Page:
The Thrifty PostGrad: Brattle Book Shop

Hello Readers! Today we will be giving you a treat from Chelsea Regan over at Post Grad Apartments. Chelsea is about to graduate from Boston College and join the wonderful world of Post Grad. She contributes to several sections of Post Grad Apartments for the Boston chapter including some amazing neighborhoods we plan on checking out next time we are over there. We hope you enjoy her post about thriftiness!

As I’m about to graduate from college, and thinking about going on to grad school, there’s something I’m starting to regret. Why did I sell so many of my books back to the school?

The answer of course is fast cash that always seemed to appear out of thin air. But it started to strike me that in the future the wealth of my book collection will matter more to me than the petty cash I’ve collected at the end of every semester. I posed the question to myself of how I was going to fund replacing the books I should have held onto, and also less academic future buys. Answer: used booksellers.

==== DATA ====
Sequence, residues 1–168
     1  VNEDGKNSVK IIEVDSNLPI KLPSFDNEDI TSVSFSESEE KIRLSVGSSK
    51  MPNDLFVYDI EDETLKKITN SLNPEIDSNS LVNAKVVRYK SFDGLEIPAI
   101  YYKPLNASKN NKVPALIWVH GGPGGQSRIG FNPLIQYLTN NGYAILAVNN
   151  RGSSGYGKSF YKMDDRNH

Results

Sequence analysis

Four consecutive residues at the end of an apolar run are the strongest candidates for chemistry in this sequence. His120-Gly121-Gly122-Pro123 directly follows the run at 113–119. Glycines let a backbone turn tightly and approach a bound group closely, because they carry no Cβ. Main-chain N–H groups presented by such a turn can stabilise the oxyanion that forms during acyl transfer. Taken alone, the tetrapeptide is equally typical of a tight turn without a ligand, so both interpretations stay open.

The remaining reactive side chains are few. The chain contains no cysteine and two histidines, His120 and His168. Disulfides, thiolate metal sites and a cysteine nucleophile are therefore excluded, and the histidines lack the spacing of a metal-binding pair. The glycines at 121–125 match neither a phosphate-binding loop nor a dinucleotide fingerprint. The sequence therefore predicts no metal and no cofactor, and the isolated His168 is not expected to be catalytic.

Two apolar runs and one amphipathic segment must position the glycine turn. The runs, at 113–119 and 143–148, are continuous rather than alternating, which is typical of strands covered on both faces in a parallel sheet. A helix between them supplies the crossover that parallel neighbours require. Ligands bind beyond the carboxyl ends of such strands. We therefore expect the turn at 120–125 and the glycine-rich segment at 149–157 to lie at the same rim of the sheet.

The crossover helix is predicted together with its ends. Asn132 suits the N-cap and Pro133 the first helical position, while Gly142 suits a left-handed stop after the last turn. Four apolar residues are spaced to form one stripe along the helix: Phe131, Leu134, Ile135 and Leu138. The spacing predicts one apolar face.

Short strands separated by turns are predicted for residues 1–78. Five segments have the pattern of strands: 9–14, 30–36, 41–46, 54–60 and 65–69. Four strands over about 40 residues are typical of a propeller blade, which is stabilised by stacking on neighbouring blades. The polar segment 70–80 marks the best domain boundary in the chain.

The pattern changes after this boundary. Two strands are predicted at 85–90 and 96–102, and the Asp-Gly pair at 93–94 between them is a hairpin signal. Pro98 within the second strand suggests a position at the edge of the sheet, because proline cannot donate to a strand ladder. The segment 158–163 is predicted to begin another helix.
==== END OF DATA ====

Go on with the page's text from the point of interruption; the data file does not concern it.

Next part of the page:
I found Brattle Book Shop - a bookseller on an understated street that provides a passageway between Boston Commons and Washington Street at the heart of Boston.

The shop houses an impressive collection of rare and out of print books – many which could really cost you. A few steps passed the humble building is an extension of the used and antiquarian book collection within. However, these books are sold at budget-friendly prices.

Rows of aluminum bookcases on wheels line the spacious lot. Books of every genre you can imagine rest on these humble holdings. Fiction from the Renaissance through to present day John Grisham thrillers, non-fiction works from psychology to autobiography, Bibles and Korans; you name it you can find it at Brattle. The costs of the books are clearly indicated by color-coded stickers.

If you’re lucky you can find the signature of a previous owner on some of the older books. On my last trip there I picked up an 1884 copy of Shakespeare’s Macbeth signed by a Mr. George A. Littlefield, and a 1945 hardcopy of Stuart Little that was tagged unsteadily in pencil by a child by the name of Muffy. The combo cost me less than ten dollars.

My humble suggestion to postgrads is to find a bookseller near you like Brattle to build your post-college book collection.


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